CrPC Section 199: Prosecution for Defamation – Explained

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CrPC Section 199: Prosecution for Defamation – Explained

1. The Code

Section 199 of the Code of Criminal Procedure, 1973 (CrPC) deals with the prosecution for defamation.

2. Explanation

This section lays down specific requirements for initiating a criminal prosecution for defamation. It states that:

  • No court shall take cognizance of an offense punishable under Section 499 of the Indian Penal Code (IPC) (defamation) except upon a complaint made by the person defamed.
  • However, in certain cases, the court can take cognizance even without a complaint, such as when the defamation is against the government, a public servant in the discharge of their duties, or the administration of justice.
  • If the person defamed dies before making a complaint, the court can take cognizance upon a complaint made by the legal representative of the deceased.

3. Illustration

Imagine someone writes an article accusing a politician of corruption. The politician feels defamed. To initiate a criminal case, they must file a complaint under Section 199 of CrPC. The court will then decide whether to take cognizance of the case based on the evidence provided.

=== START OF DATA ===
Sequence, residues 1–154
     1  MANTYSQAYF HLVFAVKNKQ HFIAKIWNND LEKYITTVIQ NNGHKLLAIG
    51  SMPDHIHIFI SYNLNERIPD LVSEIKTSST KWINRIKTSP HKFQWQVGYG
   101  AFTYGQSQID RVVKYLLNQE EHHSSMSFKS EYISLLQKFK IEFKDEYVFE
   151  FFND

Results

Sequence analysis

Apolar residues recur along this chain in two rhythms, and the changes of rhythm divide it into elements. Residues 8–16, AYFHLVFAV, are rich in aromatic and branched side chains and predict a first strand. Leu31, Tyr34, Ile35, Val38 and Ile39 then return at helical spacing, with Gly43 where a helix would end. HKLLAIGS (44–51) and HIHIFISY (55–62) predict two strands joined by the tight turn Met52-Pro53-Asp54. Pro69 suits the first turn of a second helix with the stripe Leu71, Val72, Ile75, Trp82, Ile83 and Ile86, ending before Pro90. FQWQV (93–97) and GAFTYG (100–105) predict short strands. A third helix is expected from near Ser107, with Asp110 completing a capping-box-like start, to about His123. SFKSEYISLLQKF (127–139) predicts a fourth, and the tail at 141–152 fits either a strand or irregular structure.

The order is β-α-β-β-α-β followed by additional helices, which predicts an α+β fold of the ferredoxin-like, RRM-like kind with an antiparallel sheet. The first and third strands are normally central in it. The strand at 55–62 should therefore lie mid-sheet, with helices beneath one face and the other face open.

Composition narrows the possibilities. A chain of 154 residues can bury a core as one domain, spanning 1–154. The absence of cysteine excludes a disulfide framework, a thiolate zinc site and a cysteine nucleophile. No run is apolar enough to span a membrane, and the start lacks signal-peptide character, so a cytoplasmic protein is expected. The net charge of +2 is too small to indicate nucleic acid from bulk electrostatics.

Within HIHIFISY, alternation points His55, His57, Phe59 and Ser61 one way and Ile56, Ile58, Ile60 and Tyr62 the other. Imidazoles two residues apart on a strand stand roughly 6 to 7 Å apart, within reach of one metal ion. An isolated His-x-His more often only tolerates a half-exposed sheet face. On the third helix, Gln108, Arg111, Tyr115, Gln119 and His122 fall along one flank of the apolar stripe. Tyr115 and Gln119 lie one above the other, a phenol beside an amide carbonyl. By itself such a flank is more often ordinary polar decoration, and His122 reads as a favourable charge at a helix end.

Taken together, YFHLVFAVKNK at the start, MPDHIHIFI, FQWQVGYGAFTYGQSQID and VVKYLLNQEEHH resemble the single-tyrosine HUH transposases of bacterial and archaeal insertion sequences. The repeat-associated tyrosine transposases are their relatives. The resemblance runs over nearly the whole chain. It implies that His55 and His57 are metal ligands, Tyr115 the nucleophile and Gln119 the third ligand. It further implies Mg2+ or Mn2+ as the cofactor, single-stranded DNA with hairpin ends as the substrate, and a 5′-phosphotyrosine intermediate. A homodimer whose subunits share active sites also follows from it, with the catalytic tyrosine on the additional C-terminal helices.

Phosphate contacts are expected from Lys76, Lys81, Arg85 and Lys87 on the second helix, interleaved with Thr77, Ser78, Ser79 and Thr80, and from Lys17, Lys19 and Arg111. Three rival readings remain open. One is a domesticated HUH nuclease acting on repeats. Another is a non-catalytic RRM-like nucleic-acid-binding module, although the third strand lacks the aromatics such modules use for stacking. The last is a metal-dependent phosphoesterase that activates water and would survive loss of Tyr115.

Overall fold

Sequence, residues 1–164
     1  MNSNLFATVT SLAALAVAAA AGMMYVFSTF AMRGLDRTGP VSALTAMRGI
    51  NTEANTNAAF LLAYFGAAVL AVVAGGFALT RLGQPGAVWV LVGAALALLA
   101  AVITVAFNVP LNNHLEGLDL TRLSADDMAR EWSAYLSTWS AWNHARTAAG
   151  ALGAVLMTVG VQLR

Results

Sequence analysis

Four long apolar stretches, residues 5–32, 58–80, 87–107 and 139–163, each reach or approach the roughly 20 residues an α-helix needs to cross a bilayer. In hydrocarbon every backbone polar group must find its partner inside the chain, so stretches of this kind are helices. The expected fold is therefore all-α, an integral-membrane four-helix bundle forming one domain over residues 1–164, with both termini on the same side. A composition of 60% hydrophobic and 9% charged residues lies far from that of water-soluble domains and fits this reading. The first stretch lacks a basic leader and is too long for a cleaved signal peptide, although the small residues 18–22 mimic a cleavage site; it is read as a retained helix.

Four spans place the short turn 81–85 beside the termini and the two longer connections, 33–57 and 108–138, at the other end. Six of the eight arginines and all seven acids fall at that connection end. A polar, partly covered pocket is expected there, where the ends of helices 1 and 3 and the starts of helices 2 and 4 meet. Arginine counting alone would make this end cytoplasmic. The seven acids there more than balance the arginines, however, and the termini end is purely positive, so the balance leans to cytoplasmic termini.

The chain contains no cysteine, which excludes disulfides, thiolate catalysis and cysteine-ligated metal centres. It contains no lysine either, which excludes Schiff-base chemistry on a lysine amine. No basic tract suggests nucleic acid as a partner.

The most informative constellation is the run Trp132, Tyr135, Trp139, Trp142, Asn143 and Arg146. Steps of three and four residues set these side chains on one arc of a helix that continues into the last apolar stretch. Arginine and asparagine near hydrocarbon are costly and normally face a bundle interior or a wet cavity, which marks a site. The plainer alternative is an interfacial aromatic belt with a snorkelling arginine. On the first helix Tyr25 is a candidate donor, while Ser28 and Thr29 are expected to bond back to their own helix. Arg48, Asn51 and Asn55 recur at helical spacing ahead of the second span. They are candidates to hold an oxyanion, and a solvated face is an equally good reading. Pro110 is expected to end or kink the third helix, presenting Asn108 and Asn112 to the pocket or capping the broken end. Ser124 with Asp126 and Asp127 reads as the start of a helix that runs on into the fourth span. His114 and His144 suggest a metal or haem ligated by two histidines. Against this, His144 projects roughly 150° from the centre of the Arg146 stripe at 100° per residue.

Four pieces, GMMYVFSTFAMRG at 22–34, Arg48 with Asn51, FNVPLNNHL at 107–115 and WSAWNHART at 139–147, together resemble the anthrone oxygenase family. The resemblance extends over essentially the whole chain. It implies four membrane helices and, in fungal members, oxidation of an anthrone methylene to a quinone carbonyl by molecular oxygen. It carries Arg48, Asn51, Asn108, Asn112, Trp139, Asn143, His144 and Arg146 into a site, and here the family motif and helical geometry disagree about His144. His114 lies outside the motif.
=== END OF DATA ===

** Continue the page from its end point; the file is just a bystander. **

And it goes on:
4. Common Questions and Answers

Here are some common questions and answers regarding Section 199 of CrPC:

  • Q: What is the difference between civil and criminal defamation?
  • A: Civil defamation deals with reputational harm, and the remedy is usually monetary compensation. Criminal defamation is a criminal offense, and the punishment can include imprisonment.
  • Q: Can a government official file a complaint under Section 199 for defamation against a citizen?
  • A: Yes, but only if the defamation is related to their official duties. For other matters, they must file a complaint as an individual.
  • Q: What are the exceptions to the requirement of a complaint under Section 199?
  • A: The exceptions include defamation against the government, public servants, and the administration of justice.
Also Read  CrPC Section 143: Magistrate's Power to Prohibit Public Nuisance
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